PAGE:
A 1031 Exchange (also known as a like-kind exchange) is a method to defer taxes in real estate transactions. An individual who owns any type of investment real estate is able to defer paying capital gains tax upon selling by reinvesting in a replacement property of equal or greater value. This article will cover the details of how this process works.
Here is a basic example of how a 1031 Exchange works: An investor decides to sell the townhouse they have owned and operated as an investment, and the profit (capital gains exposure) from the sale is $300,000. The federal and state capital gains taxes would be about $100,000, thus reducing the net profit from the sale to $200,000. However, if the investor elects to purchase another real estate investment property the entire $300,000 would be available and the $100,000 in taxes would be deferred.
The Qualified Intermediary
To fully understand the 1031 Exchange, an investor needs to know what role a qualified intermediary (also known as an accommodator) plays. An accommodator is a company that helps the investor through the process of the 1031 tax-deferred Exchange. The accommodator cannot be related to the investor and they cannot have had any financial dealings with the investor during the previous two years. The primary purpose of the accommodator is to hold the proceeds from the sale of investor’s property in trust while the investor searches for a new property. This is required as the IRS regulations prohibit the investor from receiving any of the proceeds, even on an interim basis, which would immediately disqualify the 1031 exchange.
Types of Exchanges
There are 4 basic forms of 1031 Exchanges:
A simultaneous exchange occurs when an investor closes on the sale of an investment property and buys a replacement property on the same day. Even though there is no timing delay the use of an accommodator is still recommended to ensure compliance with IRS regulations.
A delayed exchange occurs when an investor sells an investment property and subsequently identifies and closes on a replacement property within the prescribed time restrictions. A delayed exchange is the most common type of exchange
In the event, an investor finds a replacement property that he or she wants to purchase before selling their current investment they can complete a reverse 1031 exchange. The investor can buy the replacement property using another source of funds prior to selling the existing property.The key to completing a reverse 1031 exchange in compliance with IRS regulations is to ensure the investor does not hold title to both properties at the same time. The investor will enter into a Qualified Exchange Accommodation Agreement with the Accommodator and one of the properties will be “parked” (typically referred to as a parking arrangement) in a single purpose entity, or “SPE” established by the Accommodator. The investor then has 180 days from the purchase date to sell the existing investment property. The proceeds derived from the subsequent sale can be used to replenish the other funds used in the purchase of the replacement property.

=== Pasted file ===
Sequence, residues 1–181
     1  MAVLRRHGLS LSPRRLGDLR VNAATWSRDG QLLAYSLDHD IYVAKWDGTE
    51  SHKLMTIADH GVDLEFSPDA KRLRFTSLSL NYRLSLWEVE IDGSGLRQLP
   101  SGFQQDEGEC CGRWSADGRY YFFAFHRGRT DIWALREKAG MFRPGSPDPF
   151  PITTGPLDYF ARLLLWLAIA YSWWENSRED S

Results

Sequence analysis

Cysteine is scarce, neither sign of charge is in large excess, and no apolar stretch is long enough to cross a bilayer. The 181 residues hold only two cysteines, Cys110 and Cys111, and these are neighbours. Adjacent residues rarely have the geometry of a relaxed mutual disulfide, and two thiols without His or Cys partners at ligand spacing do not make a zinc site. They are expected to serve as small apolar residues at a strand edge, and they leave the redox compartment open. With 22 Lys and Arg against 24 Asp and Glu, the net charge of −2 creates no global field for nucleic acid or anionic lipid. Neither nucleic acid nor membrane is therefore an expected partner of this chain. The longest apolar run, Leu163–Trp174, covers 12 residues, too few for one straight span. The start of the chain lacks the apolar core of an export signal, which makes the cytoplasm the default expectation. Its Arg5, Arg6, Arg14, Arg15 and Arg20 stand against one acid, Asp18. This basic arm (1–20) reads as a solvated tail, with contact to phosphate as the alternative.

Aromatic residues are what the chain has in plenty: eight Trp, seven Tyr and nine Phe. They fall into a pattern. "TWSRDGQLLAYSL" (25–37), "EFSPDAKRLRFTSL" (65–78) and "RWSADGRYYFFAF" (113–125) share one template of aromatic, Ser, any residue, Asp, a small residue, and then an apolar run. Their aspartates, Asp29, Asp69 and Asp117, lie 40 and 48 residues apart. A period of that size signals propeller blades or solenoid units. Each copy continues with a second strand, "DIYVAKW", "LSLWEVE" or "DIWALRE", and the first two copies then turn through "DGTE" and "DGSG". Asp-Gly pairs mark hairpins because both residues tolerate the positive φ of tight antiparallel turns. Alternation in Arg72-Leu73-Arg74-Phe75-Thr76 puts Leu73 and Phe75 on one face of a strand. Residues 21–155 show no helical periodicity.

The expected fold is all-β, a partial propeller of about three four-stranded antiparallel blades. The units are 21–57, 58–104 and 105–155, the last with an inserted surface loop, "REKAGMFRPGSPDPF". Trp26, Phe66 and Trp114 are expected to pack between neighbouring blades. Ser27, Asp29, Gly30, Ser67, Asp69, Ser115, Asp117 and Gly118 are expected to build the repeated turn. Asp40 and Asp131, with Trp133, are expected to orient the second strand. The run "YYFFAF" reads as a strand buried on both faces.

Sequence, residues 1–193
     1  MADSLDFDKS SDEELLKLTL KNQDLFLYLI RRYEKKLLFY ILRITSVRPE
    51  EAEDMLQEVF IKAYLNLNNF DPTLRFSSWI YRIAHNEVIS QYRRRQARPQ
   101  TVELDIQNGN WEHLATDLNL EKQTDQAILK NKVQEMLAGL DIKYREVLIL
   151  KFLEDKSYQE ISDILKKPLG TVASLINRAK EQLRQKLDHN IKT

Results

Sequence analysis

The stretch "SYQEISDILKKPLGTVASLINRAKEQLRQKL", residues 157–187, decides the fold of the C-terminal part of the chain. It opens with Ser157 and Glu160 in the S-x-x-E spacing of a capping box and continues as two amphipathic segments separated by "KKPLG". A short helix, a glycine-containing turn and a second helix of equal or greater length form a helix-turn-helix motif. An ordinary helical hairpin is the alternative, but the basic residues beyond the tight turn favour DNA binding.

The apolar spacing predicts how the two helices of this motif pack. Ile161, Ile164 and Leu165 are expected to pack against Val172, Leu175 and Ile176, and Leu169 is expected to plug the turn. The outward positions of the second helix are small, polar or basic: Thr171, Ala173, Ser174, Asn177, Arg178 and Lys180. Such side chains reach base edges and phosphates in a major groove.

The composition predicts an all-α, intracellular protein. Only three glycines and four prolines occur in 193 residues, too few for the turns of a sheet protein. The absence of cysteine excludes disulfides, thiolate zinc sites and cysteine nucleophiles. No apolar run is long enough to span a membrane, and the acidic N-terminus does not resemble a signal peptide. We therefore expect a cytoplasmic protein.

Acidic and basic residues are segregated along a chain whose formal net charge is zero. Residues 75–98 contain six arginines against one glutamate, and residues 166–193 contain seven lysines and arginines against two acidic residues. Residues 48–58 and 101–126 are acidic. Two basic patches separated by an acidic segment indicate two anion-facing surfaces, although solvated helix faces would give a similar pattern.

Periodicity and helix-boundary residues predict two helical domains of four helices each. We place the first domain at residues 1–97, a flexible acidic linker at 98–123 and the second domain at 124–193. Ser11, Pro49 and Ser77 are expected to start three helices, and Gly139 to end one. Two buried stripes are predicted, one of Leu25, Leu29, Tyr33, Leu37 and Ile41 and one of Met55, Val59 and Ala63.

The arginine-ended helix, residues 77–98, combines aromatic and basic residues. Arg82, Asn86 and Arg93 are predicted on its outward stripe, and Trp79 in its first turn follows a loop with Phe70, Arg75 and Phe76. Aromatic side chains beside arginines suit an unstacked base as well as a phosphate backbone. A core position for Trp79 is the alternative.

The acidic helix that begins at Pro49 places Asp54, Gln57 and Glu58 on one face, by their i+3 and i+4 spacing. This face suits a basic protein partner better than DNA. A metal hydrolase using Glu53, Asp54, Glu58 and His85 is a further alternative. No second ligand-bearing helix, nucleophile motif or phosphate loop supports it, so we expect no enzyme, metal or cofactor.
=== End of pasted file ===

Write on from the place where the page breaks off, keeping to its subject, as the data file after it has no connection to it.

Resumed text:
A construction/improvement exchange allows an investor to buy land and build on it or rehabilitate a property. An improvement exchange is subject to the same timing restrictions as a delayed exchange, and the investor cannot hold title to the replacement property until all of the funds from the sale have been utilized (construction does not need to be completed but the 1031 funds do need to be exhausted). This type of exchange is more complicated and only a very experienced accommodator should be utilized.
Following the Rules
In order to use the 1031 tax-deferred exchange, an investor needs to make sure to not break any rules. The properties that are bought and sold must be “like-kind” meaning for investment purposes, so an individual who lives in a condo or single family residence and wants to buy a new home cannot defer capital gains tax by using this method. The investor needs to be operating the property as a rental.
3 Property Rule vs. the 200% Rule
As previously noted an investor has 45 days to identify a potential replacement property but there are restrictions what they can and can’t do. Essentially an investor has to follow one of two rules. The 3 Property Rule stipulates an investor can identify up to 3 properties for purchase. Alternatively, an investor can identify as many properties as they choose, provided they don’t exceed 200% of the market value of the property that was sold.
The 95% Rule
There is one exception to both the 3 property rule and the 200% rule, the 95% rule. The 95% states that both of the above restrictions can be lifted provided the investor actually purchases a minimum of 95% of the properties identified. If the investor does not then the entire 1031 Exchange is disqualified. Consequently, this rule is rarely used.
The Boot and DSTs
Sometimes an investor has money left over upon the purchase of the replacement property. This difference is called the boot. The boot can be placed into a Delaware Statutory Trust (“DST”) allowing the investor to avoid capital gains taxes. A DST is a passive real estate investment vehicle whereby the investor buys an interest in an entity that owns multiple properties. The investor has no direct control over the decision making (what and when to buy/sell) and the length of investment is typically a minimum of 5 years.
In summary, 1031 Exchanges are a great way for real estate investors to grow their real estate wealth tax-free, provided an investor follows the rules outlined by the IRS.